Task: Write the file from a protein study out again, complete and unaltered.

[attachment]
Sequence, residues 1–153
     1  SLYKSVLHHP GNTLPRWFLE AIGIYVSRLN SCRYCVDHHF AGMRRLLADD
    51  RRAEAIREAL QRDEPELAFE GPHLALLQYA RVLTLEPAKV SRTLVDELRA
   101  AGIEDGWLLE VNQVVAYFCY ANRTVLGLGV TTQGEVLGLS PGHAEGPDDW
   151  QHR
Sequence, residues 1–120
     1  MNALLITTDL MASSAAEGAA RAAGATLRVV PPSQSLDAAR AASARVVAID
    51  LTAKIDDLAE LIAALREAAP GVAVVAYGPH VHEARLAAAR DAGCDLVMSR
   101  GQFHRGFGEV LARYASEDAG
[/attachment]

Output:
Sequence, residues 1–153
     1  SLYKSVLHHP GNTLPRWFLE AIGIYVSRLN SCRYCVDHHF AGMRRLLADD
    51  RRAEAIREAL QRDEPELAFE GPHLALLQYA RVLTLEPAKV SRTLVDELRA
   101  AGIEDGWLLE VNQVVAYFCY ANRTVLGLGV TTQGEVLGLS PGHAEGPDDW
   151  QHR
Sequence, residues 1–120
     1  MNALLITTDL MASSAAEGAA RAAGATLRVV PPSQSLDAAR AASARVVAID
    51  LTAKIDDLAE LIAALREAAP GVAVVAYGPH VHEARLAAAR DAGCDLVMSR
   101  GQFHRGFGEV LARYASEDAG